But it wasn’t until I started to dress and act like I was going to work that I really began to see some progress. I got out of my pajamas, I wore jeans, I met people at coffee shops for meetings. This became far more beneficial than I could have envisioned.

8. I spread myself too thin

When I was first starting out, I just wanted to pursue every single idea I had right away. There’s no time like the present, right? Wrong. I was trying to create a non-profit, a startup, write a book, all at the same time.

Plus, I was trying to run accounts across all social media platforms for each endeavor. I was putting 5–10% into each pursuit, and this led to minimal returns. It wasn’t until I narrowed my focus that I actually started to see some nice results.

It may be attractive to have the capacity to start so many different things and test out many different ideas. But it is important that you don’t do them all at the same exact time. Patience is something we often forget to stress to first time founders.

9. I was too easily convinced

I was on the phone trying to learn from others a lot in my early days and months. This meant that all different kinds of people were ultimately trying to sell me on their services. A couple hundred dollars for coaching here.

A couple hundred for logo design there. I never wanted to say no to anybody or make them feel bad, so I agreed to whatever they had to offer almost always.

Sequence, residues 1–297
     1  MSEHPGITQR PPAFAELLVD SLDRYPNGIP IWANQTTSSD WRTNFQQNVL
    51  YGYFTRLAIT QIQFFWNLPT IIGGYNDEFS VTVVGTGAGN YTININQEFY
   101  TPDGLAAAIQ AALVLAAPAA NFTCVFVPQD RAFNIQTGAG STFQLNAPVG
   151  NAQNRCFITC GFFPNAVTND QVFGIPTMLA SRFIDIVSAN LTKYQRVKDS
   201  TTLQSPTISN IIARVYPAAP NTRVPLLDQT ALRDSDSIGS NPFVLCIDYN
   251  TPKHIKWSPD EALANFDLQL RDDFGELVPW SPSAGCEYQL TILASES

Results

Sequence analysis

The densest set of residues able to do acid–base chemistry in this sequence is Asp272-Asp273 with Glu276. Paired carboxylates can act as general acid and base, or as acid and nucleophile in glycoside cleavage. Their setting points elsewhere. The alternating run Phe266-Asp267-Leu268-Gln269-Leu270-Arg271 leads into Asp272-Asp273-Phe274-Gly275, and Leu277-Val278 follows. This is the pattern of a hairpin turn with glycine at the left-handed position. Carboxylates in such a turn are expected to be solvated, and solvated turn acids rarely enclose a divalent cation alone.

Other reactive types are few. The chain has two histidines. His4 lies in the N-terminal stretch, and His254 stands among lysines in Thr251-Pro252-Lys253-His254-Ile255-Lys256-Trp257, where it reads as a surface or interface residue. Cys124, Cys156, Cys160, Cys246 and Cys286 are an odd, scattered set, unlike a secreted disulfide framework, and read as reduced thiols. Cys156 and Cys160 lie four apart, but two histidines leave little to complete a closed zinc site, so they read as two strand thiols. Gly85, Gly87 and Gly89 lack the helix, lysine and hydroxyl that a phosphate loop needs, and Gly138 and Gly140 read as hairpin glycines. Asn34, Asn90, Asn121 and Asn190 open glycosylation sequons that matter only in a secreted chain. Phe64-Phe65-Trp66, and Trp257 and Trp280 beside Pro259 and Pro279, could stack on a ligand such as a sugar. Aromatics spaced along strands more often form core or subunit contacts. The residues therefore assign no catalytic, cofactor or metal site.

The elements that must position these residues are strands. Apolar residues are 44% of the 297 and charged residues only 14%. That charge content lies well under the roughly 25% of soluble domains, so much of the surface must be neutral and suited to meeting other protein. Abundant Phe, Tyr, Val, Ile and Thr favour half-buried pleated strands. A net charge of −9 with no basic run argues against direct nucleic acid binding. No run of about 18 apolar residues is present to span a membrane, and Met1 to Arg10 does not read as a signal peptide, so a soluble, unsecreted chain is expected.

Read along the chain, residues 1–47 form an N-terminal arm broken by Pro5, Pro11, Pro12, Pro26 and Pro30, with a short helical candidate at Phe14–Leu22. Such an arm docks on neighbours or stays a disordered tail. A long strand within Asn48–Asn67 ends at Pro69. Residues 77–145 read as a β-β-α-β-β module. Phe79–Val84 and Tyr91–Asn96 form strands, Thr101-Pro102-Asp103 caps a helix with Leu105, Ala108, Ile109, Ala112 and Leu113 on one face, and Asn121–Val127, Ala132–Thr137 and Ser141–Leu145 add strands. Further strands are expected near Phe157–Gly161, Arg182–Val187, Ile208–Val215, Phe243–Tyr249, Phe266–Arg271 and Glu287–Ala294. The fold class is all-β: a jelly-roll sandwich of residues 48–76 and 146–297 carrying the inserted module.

Just like with the point about being a yes person, it is critical to learn how to say no. When I realized that saying no would not only be beneficial to me, but also to the other person so as not to waste their time, then I began to make some wise decisions about the direction of my ventures.

10. I placed ZERO importance on money

My mindset is one in which I follow my passions and curiosities, live according to serving the world and helping others, and the money will follow. But, at first, I took this literally, and I did not care about spending or making money one bit. It had no importance to me.

I didn’t care if I gave it all away and made nothing back, because I just believed that if I served others, it would follow.

But then I heard a mindset about money that shifted my perspective. It’s that money makes you more of who you really are. So, for me, the more money I can make, the more money I can use for good to help more people.

Many of these lessons are based on personality type and the situation you are currently in. For instance, some of you may want to be as spontaneous as possible because you are still in the learning phases.

You haven’t fully made the leap, and that is okay. Others may need to focus on money now to satisfy basic needs. This will change the way you view your efforts.

The one thing and the most important thing to me about all of these lessons, and my first two years as a solopreneur, is that, cliché as it may be, I would not change any of it. I would make all the same mistakes.

I would make all the same decisions. Because without these experiences, I would have had nothing to share with others, no lessons to have learned, and no stories to tell. Make mistakes on your pursuit. Document them. Be careful not to repeat the same ones over and over. Enjoy the imperfection.

This article was originally published on medium.


Created by

Jordan Gross

Sharing personal development through creative storytelling